As an alternative to teak, nyatoh, is an exotic wood species that weathers almost as well in outdoor applications. However, its origins in tropical rain forests make it an environmentally sensitive product. In Indonesia especially, according to Rainforest Relief, illegal logging threatens the continued health of this species.
Growth and Distribution
Nyatoh trees grow about 100 feet tall with trunks about 3 feet in diameter. They can be found in tropical, old-growth forests from India, through Southeast Asia to the Philippines, New Guinea and Pacific Islands. Some material may be available from sustainably managed sources, though the extent is not clear.
The heartwood of nyatoh ranges from pale pink to reddish or purplish brown. The sapwood is lighter in color. Its grain pattern may be straight or interlocking, and also can appear in an attractive moiré, or watered silk pattern. It is similar to teak in color, but grayer rather than golden. Nyatoh weathers to gray just as teak does, but regular applications of a conditioning oil such as linseed will help it retain its original color. Nyatoh is not as durable as teak, although it will stand up to a decade or more of outdoor exposure without showing significant damage. It is susceptible to termites and powder-post beetles, however.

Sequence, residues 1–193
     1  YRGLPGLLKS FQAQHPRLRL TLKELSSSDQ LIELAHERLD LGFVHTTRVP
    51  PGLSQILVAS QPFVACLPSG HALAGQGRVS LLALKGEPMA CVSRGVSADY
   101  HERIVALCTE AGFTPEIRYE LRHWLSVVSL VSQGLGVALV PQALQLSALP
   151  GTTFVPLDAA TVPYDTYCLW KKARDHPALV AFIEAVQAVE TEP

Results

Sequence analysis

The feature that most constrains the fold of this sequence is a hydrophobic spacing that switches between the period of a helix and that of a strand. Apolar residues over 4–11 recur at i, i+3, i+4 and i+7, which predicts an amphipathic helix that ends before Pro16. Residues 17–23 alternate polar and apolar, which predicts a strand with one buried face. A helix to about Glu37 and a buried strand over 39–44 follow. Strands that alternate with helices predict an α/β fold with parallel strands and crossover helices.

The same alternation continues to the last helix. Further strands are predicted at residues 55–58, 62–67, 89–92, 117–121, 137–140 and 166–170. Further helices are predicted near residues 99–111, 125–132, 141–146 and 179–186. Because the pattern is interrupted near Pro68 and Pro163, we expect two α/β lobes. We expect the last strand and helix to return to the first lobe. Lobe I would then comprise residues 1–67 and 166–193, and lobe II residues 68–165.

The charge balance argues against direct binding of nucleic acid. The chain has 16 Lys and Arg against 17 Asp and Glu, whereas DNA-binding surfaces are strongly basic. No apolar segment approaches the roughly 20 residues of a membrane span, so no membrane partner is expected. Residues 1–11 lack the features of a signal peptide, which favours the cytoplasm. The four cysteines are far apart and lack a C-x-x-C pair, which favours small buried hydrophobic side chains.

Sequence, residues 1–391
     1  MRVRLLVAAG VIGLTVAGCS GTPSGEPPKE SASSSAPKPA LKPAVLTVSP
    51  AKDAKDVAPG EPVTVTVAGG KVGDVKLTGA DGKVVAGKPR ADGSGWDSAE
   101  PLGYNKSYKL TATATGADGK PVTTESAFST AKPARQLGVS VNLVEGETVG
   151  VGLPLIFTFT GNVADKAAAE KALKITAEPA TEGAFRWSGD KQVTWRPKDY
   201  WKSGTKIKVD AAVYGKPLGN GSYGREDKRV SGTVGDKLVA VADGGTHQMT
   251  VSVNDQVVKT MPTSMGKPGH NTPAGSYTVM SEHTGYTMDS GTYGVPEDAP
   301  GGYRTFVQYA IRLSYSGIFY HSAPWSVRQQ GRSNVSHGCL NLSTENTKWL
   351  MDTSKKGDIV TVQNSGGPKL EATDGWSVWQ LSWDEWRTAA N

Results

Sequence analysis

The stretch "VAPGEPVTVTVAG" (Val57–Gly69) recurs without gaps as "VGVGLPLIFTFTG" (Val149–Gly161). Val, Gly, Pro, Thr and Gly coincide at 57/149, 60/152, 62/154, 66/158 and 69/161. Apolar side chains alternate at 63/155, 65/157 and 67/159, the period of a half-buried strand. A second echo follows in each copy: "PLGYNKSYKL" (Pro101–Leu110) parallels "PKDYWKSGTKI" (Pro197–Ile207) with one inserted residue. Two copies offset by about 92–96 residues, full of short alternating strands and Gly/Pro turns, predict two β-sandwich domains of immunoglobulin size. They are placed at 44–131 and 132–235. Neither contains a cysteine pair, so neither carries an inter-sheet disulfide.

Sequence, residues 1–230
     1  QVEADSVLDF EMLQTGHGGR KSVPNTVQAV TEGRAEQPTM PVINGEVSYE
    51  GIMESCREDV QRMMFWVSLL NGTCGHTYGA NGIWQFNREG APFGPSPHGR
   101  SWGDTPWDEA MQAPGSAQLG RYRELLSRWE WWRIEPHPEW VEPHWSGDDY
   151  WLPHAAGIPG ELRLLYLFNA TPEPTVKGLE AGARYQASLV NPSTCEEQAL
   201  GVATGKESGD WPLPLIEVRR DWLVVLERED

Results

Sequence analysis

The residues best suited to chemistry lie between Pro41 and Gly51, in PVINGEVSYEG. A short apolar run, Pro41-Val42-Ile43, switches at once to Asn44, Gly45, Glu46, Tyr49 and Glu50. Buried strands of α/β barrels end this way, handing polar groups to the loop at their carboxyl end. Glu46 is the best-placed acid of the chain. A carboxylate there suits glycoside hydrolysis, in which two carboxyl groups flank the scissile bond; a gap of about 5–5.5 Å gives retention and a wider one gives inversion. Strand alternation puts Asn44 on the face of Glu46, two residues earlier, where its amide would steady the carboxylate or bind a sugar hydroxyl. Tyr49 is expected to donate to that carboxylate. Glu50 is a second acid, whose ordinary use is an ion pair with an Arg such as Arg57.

Some species of nyatoh contain a high content of silica bits, which can rapidly dull the cutting edges of tools. Woodworkers may also notice gum buildup in the wood. This makes it one of the more difficult woods for sawing, planing and working with hand tools.
In its native regions, nyatoh is not valued for finish work or fine furniture; it may be used for rustic furniture, plywood, and interior components. A 2003 article on The Free Library website stated that Restoration Hardware, Target and other retailers were promoting outdoor furniture made from nyatoh, but as of 2012 their furniture lines are touted as being made from sustainably harvested teak or mahogany.